I’ve had the pleasure of living in three of the greatest American cities: New York, Boston, and Los Angeles. To share the love with visitors and newcomers alike, I compiled top things to do in each city – including sightseeing, culture, activities, museums, nightlife, and of course.. food. Click below to read my city guides. Don’t forget to bookmark them for your next trip!
This is an Op-Ed article by Amanda Weisman tying back to informed research, factual current reporting, and public policy.
The day is November 6th, 2018 and you’re surrounded by “I VOTED” stickers placed proudly on the shirts of those around you. You look on as your peers smile because they believe they have an impact in shaping the future of their nation. You wish you knew this feeling, too.
But you don’t.
Because you’re not allowed to vote.
This is what November 6th was like for an untold number of Americans who never got to cast their votes at the ballot because of “technical issues” at their designated polling place — or because they live in states that don’t allow early voting — or because they’re part of the six million Americans with felony convictions — or because they’re green-card holders — or because they’re DACA recipients — or because their absentee ballot mysteriously never arrived— the list goes on.
If you are the one who gets to preach “Get out and vote!” without hesitation, then also remember those whose voices are intentionally silenced.
According to research by Pew, “In the five years since the U.S. Supreme Court struck down key parts of the Voting Rights Act, nearly a thousand polling places have been shuttered across the country, many of them in southern black communities.”
The truth is, we are living in an era of voter suppression. In cities nationwide, extra hurdles are thrown at minorities in an effort to keep them from voting. According to Pew, “Polling places have often been used as political tools to shape the outcome of elections. Officials can reduce the voter participation of certain groups by eliminating polling places, and increase participation in other groups by placing precincts in key neighborhoods.” In many a case, this has meant making access to polls easy in primarily white middle & upper-class areas while making access to polls in primarily ethnic and lower-income neighborhoods increasingly difficult.
On November 6th’s Midterm Election, many strange “coincidences” arose. You may have friends that never received their absentee ballots despite requesting one with plenty of time in advance and taking all proper steps. Maybe, you yourself never received yours. Mysterious, isn’t it?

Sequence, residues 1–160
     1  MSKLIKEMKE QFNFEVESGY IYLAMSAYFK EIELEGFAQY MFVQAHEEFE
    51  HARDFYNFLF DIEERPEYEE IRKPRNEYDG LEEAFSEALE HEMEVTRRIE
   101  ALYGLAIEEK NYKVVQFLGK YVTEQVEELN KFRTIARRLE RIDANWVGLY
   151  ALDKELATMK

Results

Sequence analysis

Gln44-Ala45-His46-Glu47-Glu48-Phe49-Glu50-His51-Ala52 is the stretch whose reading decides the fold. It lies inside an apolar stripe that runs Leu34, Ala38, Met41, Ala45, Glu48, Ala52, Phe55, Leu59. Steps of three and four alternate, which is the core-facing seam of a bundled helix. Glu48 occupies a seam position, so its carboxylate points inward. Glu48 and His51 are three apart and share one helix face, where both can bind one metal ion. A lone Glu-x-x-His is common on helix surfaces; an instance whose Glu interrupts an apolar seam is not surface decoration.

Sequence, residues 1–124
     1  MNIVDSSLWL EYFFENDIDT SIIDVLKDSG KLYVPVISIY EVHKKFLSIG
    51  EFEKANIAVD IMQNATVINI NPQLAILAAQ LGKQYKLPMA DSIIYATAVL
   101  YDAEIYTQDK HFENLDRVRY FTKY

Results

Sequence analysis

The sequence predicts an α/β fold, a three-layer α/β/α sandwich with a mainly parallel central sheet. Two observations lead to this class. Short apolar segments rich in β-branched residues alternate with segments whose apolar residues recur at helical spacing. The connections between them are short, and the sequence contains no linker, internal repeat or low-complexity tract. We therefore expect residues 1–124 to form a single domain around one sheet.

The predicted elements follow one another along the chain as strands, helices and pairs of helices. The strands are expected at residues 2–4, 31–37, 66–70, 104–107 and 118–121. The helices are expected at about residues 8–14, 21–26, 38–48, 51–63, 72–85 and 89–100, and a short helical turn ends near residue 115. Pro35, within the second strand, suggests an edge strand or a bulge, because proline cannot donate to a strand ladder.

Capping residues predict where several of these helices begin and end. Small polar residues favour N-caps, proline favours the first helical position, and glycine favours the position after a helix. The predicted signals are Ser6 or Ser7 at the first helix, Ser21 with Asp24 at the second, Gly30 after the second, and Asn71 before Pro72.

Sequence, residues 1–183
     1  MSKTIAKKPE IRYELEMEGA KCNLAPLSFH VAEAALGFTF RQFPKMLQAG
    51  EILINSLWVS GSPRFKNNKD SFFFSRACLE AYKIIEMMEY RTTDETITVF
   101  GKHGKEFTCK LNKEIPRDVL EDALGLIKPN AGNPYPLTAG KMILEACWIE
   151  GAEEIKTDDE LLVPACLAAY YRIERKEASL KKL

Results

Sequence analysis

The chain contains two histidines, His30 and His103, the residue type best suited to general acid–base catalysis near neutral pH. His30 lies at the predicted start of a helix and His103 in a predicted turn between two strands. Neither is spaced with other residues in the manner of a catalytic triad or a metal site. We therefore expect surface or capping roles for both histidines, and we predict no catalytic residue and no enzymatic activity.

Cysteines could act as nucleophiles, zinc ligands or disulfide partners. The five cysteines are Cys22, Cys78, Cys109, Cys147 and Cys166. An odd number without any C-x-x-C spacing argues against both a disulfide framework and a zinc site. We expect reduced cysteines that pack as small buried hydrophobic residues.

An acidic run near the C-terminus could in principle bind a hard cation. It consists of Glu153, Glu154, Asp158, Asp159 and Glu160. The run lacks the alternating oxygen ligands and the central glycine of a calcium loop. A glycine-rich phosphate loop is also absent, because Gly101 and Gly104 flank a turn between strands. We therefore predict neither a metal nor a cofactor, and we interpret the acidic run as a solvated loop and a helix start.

In Fulton County, Georgia, many voters were left to wait hours to cast their ballots after the county mistakenly only installed three voting machines, according to The Hill. Many voters wound up leaving the polling site due to the long wait. Let us take a moment to reflect on this. If you are in charge of a polling place, how do you “forget” to install voting machines? And what if I told you the voters waiting for hours were majority African Americans? Just a coincidence, right? What if I told you a similar situation happened also in an African American-majority area in Snellville, Georgia where the machines were not connected to power cords and ran out of battery power? Don’t you just love when people forget to power up the polling machines?
In Dodge City, Kansas, Ford County Clerk Debbie Cox moved the only polling place in the city from a convenient central location to a new location half a mile outside the city limits, according to The Wichita Eagle. The new polling spot is not accessible by sidewalk and has no regular public transportation. To make the obvious more obvious, this means the new polling center is only accessible by car. To make the obvious even more obvious, this would exclude low-income voters who rely on public transportation and bicycle to get around.
Over in El Paso, Texas, the U.S. Border Patrol had sent out a press release stating they would be conducting a “mobile field force demonstration” crowd control exercise. Why plan to conduct such an exercise on Election Day that may deter voters from coming out? Well… what if I told you El Paso is a border city with a large Latino population?
The list of “coincidental accidents” that occurred on polling places on November 6th goes on and on, but hopefully you get the picture by now.
Change is needed even in areas that are known for being more liberal. New York City, which has been carried by a Democrat in statewide and presidential elections since 1924, still bears restrictive policies. New Yorkers cannot access absentee ballots without meeting particular criteria, and New York state does not offer early voting. Early voting allows millions nationwide to access polls in the weeks before the election. This is helpful to parents, those working irregular hours, firefighters, doctors, or anyone who has a busy life in general. Without early voting access, an untold number of voters in New York state may not make it to the polls the day of. Further more, New York holds a Closed Primary system. This means that when it comes time for the U.S. Primary Elections, only those who are registered as Republican or Democrat can vote. According to Times Union, “over a quarter of all voters in NY state — 3.2 million who are registered to vote but not enrolled in a party — are shut out of voting in closed primary elections.” That’s more than all of the registered voters in the entire state of Connecticut.
Voter reform is desperately needed across the United States in order for our election processes to be fair. People of our nation deserve the right to vote without policies or “mistakes” intentionally put in place to restrict voices from being heard.